Currently, most clinicians feel they need to document signs of progression to establish a firm glaucoma diagnosis. But a Swedish study may debunk that mindset. An accurate glaucoma diagnosis can be established in just two initial visits when it is based on visual field testing that uses strict criteria for interpretation. Findings that are considered borderline can be backed up with structural findings if visual fields are considered borderline.
Researchers investigated whether patients could be correctly diagnosed with glaucoma during two initial visits, or if signs of progression or disease activity are necessary for a reasonably specific diagnosis. They used data from the Early Manifest Glaucoma Trial (EMGT), where the majority of patients were previously undiagnosed early to moderate glaucoma and identified through population screening.
Definite field progression was defined as at least three identical points in the 30-2 or 24-2 test point patterns showing significant deterioration in glaucoma change probability maps in three consecutive tests. Tentative progression was defined as at least three identical points showing significant deterioration in glaucoma change probability maps in two consecutive tests. Of the trial’s patients, 117 were followed for at least 15 years, representing 147 eyes eligible for the study. The study’s long prospective follow-up provided researchers to determine whether the initial glaucoma diagnoses made without follow-up and proof of progression were reliable or incorrect.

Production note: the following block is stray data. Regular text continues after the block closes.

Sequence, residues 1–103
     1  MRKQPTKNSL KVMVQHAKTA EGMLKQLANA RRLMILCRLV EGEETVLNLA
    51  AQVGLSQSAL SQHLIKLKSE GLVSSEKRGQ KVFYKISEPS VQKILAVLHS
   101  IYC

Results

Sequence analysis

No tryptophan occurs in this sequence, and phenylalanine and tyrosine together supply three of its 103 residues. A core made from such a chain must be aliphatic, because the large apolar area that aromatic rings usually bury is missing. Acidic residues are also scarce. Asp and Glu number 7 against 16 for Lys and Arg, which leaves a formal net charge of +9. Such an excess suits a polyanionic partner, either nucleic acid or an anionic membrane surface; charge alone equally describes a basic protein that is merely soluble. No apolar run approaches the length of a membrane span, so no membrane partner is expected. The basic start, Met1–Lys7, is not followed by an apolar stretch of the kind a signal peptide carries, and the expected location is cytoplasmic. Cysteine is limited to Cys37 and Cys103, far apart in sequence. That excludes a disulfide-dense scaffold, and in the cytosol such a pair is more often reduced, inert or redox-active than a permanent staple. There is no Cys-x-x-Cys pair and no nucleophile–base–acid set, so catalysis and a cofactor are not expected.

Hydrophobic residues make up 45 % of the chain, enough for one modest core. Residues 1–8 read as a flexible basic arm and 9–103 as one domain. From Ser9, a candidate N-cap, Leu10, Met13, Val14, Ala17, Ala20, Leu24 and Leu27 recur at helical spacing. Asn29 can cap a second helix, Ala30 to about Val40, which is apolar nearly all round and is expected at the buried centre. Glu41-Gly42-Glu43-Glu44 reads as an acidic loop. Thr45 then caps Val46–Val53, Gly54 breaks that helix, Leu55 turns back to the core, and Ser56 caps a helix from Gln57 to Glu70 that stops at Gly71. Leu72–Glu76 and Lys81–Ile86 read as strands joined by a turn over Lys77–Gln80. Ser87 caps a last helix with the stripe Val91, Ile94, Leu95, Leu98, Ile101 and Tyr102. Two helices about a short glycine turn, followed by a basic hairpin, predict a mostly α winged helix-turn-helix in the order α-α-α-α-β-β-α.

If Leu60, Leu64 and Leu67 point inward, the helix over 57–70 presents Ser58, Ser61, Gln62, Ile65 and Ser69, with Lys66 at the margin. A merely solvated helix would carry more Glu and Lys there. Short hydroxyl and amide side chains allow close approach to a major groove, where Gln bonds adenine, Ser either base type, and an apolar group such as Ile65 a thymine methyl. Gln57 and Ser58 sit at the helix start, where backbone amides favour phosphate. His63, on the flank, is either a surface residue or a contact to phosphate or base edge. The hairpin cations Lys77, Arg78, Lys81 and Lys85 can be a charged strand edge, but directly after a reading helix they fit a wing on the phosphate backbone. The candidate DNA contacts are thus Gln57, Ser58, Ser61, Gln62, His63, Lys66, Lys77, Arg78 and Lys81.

At least one of the following criteria had to be fulfilled during follow-up to confirm the initial diagnosis: (1) visual field progression in at least one eye according to the EMGT criterion; (2) development of manifest glaucoma in an initially ineligible fellow eye; (3) optic disc progression in at least one eye; (4) optic disc hemorrhages in at least one eye.
During follow-up, 134 eyes (91%) showed visual field progression, and, of the remaining 13 eyes, only four (3%) did not fulfill any of the criteria to confirm the diagnosis. The patients did display other signs of glaucoma—progression of glaucomatous field defects or incident glaucoma in the fellow eye, occurrence of optic disc hemorrhages or documented optic disc progression.
The study concluded that there is little risk of making a false-positive diagnosis when practitioner bases it on visual field testing results with strict interpretation criteria as used in the EMGT.
|Öhnell HM, Bengtsson B, Heijl A. Making a correct diagnosis of glaucoma: data from the EMGT. Glaucoma. September 18, 2019. [Epub ahead of print].|